Key Issue

Whether a putative class of indirect purchasers can be certified in a pharmaceutical antitrust litigation under the predominance requirement of Rule 23(b)(3) and the First Circuit's 2018 holding in In re Asacol Antitrust Litigation, 907 F.3d 42 (1st Cir. 2018), which held that at putative class containing many members who su­ered no injury could not be certified.


The defendants in this case are two pharmaceutical companies, Shire and Actavis, that manufacture a medication to treat ADHD. Shire manufactures and holds patents for a brand name version of the medication, called "Intuniv." Plaintiffs alleged that in 2009, Actavis filed for approval to manufacture a generic version of Intuniv, and in the process Actavis constructively infringed on Shire's patents. Shire then sued, and the two companies reached a settlement agreement in which Actavis agreed to delay its launch of the generic drug.43

In 2016, the plainti­s filed a complaint and motion for certification of two classes of indirect purchasers of Intuniv, alleging that Shire and Activis settled "sham litigation" as part of an anticompetitive "pay-for-delay" scheme to create a period during which Activis could charge artificially high prices for Intuniv.44 The two proposed classes aimed to cover those who had either personally paid the entire purchase price for Intuniv, or who had paid some of the purchase price pursuant a co-payment or co-insurance plan.45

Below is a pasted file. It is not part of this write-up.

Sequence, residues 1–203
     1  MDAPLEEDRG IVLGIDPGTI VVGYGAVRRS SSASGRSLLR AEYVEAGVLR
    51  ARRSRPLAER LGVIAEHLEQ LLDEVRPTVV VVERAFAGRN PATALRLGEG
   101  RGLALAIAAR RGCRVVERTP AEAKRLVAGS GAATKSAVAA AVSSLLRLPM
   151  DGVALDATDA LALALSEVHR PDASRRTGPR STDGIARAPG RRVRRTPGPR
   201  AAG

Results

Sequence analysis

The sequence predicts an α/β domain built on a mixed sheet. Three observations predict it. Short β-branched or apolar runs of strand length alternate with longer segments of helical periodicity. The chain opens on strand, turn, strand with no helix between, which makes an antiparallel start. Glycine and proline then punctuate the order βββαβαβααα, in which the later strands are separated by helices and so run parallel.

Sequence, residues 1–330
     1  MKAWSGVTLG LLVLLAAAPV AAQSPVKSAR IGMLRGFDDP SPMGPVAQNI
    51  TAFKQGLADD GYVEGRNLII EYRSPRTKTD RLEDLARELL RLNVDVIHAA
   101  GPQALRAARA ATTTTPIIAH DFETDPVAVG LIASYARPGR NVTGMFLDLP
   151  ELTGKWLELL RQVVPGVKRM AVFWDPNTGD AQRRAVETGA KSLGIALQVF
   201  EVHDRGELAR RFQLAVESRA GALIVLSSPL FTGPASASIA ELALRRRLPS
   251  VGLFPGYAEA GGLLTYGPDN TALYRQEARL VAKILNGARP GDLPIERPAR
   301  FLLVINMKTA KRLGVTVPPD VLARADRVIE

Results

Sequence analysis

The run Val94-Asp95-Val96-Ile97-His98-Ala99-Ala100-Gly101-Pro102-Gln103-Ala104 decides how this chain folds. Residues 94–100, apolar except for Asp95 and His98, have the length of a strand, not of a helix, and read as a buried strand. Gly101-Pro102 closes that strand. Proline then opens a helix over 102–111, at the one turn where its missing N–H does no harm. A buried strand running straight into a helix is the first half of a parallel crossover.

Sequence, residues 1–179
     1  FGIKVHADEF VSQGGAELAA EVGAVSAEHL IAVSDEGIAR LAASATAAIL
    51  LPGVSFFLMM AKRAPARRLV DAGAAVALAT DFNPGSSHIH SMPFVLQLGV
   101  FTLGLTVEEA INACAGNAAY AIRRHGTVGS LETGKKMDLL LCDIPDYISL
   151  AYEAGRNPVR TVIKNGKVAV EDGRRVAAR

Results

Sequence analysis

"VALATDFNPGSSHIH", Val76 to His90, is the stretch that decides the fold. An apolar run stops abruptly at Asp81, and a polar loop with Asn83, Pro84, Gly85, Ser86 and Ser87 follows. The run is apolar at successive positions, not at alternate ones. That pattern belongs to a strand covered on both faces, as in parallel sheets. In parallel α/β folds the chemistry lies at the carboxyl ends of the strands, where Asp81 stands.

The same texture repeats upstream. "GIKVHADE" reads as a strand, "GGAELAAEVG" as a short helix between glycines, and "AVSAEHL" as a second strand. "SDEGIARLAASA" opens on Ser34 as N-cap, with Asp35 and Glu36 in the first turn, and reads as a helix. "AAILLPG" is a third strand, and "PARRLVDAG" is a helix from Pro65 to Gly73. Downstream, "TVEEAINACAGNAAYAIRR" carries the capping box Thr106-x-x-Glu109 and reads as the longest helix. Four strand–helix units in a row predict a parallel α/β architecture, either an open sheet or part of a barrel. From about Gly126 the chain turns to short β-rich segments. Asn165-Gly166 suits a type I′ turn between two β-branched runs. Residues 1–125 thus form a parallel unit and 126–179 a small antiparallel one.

In an order on August 21, 2019, the court denied the motion for class certification for failure to meet the predominance requirement of Rule 23(b)(3), nding that the plaintiffs had failed to put forth a reasonable and workable plan to weed out over 10,000 uninjured class members from each of the putative classes.46 The court found that the putative classes incorporated at least three groups of uninjured class members. These included: (1) "brand loyalists," who would have continued to purchase the brand name drug over the generic; (2) consumers who received co-payment coupons from Shire and thus for whom purchasing the generic drug would have been more costly; and (3) consumers who purchased the drug after reaching out-of-pocket maximums under their insurance plans.47 Weeding these groups out would require individualized assessment of several facts, including each consumer's insurance plan, views on Intuniv and the generic, consumption habits, and use of coupons, among others. Based on expert testimony, the court concluded that uninjured class members totaled over 25,000 individuals, and likely comprised at least 8% of each putative class.48 Given the high number of potential uninjured class members, the lack of a plan to exclude them, and the Defendant's stated intent to challenge any attestations that individual class members were injured, the court found that the plainti­s could not show that "questions of law or fact common to class members [would] predominate over any questions affecting only individual members."49